Shekel continues to decline, hits two-year low against the euro

Currency currently trading at 3.68 to the dollar and 4.02 to the euro, ahead of Moody’s country credit rating update on Friday

The new 100 Israeli Shekel bill, December 31, 2017. (Nati Shohat/Flash90)
The new 100 Israeli Shekel bill, December 31, 2017. (Nati Shohat/Flash90)

Israel’s shekel has continued to weaken in recent days, currently trading Wednesday at 3.68 to the US dollar and 4.02 to the euro — the latter being a high of some two years.

The national currency has been on a downward trend for several months, amid the government’s efforts to radically overhaul the country’s judiciary, and as Israel reels from a string of terror attacks and rocket barrages from beyond its borders.

The latest data comes as the Moody’s rating agency is set to publish its updated credit score for the country on Friday.

In March, Moody’s warned that the government’s plans to curb the judiciary could weaken the country’s institutional strength and negatively affect its economic outlook. Israel’s current rating is A1, the agency’s fifth highest, with a positive outlook, but investors are concerned it could downgrade the outlook to “stable.”

Earlier this month, the Bank of Israel lifted the benchmark interest rate for the ninth straight meeting, raising its key lending rate by 25 basis points to 4.5 percent, the highest level since before the 2008 crash, as the central bank battles inflation pressure and as “tremendous” uncertainty over the government’s judicial overhaul plan weighs on the economy.

“The uncertainty and the events we witnessed in recent weeks have naturally also had an impact on the Israeli economy,” said Bank of Israel governor Amir Yaron.

Specifically, Yaron warned about the “uncertainty deriving from the legislative processes related to the judicial system” and the substantial impact these could have on the “economic and financial developments in the short term and in the longer term, and therefore on the monetary policy that will be required.”

As negotiations between the government and opposition aimed at compromising on the coalition’s contentious judicial overhaul legislation continue under the auspices of President Isaac Herzog, Yaron raised hopes “that to the extent a decision will be reached that reflects a broad agreement through dialogue and collaboration, the economy will also be better off for it.”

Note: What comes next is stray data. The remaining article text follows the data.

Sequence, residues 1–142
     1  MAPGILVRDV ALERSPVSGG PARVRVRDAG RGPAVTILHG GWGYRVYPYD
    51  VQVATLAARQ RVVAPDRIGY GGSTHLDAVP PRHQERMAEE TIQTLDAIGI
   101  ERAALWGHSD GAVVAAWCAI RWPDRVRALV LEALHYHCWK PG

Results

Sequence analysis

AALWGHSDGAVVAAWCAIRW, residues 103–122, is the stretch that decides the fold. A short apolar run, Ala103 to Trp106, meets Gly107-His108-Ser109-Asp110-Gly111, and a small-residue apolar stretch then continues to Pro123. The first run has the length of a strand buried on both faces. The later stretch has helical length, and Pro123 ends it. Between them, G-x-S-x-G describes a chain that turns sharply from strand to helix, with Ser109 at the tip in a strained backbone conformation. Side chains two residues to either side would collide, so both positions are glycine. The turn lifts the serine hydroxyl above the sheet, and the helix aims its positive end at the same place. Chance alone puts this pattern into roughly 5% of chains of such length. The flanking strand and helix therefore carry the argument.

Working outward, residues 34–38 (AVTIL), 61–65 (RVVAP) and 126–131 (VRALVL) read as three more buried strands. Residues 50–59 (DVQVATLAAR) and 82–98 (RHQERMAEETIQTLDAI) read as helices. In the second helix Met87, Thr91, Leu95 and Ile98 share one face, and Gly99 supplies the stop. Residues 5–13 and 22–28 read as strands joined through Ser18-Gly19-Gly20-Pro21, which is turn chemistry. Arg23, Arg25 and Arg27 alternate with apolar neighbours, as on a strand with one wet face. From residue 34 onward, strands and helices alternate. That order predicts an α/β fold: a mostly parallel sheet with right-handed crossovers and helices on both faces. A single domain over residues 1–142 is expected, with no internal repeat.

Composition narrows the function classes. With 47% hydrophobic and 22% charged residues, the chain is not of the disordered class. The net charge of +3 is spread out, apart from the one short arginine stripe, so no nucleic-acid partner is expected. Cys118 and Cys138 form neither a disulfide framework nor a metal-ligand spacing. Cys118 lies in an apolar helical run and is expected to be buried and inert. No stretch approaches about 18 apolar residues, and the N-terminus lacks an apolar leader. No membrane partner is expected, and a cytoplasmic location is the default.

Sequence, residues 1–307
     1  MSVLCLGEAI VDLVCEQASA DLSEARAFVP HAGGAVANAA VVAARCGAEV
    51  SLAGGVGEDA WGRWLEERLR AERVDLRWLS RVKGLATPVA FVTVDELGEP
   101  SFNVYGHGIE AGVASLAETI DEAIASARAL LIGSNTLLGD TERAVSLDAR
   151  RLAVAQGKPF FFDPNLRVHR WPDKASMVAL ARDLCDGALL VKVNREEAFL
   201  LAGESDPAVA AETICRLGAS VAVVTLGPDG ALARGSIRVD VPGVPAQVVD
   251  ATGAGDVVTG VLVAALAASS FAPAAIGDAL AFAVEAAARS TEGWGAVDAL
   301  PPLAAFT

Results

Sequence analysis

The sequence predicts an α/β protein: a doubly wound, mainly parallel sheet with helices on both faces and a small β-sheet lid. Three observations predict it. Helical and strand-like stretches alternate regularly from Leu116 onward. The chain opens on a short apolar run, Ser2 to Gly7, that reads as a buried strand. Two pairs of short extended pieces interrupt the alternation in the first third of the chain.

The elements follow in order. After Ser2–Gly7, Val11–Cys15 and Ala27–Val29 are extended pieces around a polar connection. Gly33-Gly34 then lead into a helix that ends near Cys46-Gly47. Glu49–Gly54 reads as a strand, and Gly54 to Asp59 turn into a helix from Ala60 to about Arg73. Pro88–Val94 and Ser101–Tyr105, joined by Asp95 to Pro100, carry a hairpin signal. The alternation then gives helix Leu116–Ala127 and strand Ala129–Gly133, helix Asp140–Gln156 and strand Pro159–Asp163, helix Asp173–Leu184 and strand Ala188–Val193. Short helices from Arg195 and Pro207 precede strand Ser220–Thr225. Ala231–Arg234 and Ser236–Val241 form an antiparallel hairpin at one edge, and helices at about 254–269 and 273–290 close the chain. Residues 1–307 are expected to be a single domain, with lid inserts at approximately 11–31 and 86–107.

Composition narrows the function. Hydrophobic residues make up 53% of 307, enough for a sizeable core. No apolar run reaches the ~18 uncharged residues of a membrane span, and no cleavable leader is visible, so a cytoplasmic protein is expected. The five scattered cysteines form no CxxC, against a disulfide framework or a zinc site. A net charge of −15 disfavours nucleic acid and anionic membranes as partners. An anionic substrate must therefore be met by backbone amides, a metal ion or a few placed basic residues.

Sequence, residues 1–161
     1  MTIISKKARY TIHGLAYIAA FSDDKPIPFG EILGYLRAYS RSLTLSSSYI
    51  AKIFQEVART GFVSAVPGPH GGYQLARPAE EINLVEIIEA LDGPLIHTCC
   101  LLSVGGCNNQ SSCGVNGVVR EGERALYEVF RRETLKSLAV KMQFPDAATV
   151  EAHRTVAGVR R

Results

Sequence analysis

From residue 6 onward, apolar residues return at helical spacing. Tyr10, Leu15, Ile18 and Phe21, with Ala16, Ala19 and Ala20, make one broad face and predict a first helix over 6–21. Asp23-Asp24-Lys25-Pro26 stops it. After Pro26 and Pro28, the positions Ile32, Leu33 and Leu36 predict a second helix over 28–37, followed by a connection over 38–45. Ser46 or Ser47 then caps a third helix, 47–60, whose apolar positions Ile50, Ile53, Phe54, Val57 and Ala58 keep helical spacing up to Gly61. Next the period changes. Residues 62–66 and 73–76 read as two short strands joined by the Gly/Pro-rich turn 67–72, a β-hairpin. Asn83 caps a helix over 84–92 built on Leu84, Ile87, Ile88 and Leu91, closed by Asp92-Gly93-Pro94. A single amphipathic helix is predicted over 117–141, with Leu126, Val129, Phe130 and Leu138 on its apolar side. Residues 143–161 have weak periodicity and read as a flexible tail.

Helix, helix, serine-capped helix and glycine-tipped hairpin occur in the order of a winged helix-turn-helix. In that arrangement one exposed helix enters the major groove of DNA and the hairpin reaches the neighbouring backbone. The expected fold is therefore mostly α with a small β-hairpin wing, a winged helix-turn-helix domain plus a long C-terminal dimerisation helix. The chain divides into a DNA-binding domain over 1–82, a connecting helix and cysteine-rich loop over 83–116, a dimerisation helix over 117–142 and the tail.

The Bank of Israel has steadily raised its benchmark interest rate from a record low of 0.1% last April in a bid to rein in inflation, which has been hovering above 5% in annual terms for the past six months, falling short of the government’s target range of 1% to 3%.

The Tel Aviv Stock Exchange, December 25, 2018. (Adam Shuldman/Flash90)

“Economic activity in Israel is at a high level, and is accompanied by a tight labor market, although there is some moderation in a number of indicators,” the central bank said in a statement. “There has been some moderation in annual inflation, but the moderation is slower than previous assessments.”

As for the judicial shakeup, the main concern is that it will erode democracy and weaken checks and balances, which in turn is feared to make venture capitalists and other money makers leery of investing their money in the country, triggering an outflow of funds.

The Bank of Israel noted that there are already developments in the markets indicating an increase in the economy’s risk premium.

“While prices increased on capital markets worldwide for the year to date, equity indices in Israel have underperformed them and have declined over the year to date,” said Yaron. “There was high volatility in the shekel in recent weeks, which was also impacted by the recent events in the country.”

“From the beginning of the year, there has been a marked depreciation of the shekel vis-à-vis the dollar and in terms of the nominal effective exchange rate, and even some separation from the strong connection that there was between the S&P 500 and the exchange rate,” he added.

In recent weeks, Yaron has cautioned against the potential economic danger posed by the government’s push to curb the justice system, warning about a slowdown to investments into the local tech industry and risks of a brain drain.

Sharon Wrobel contributed to this report.

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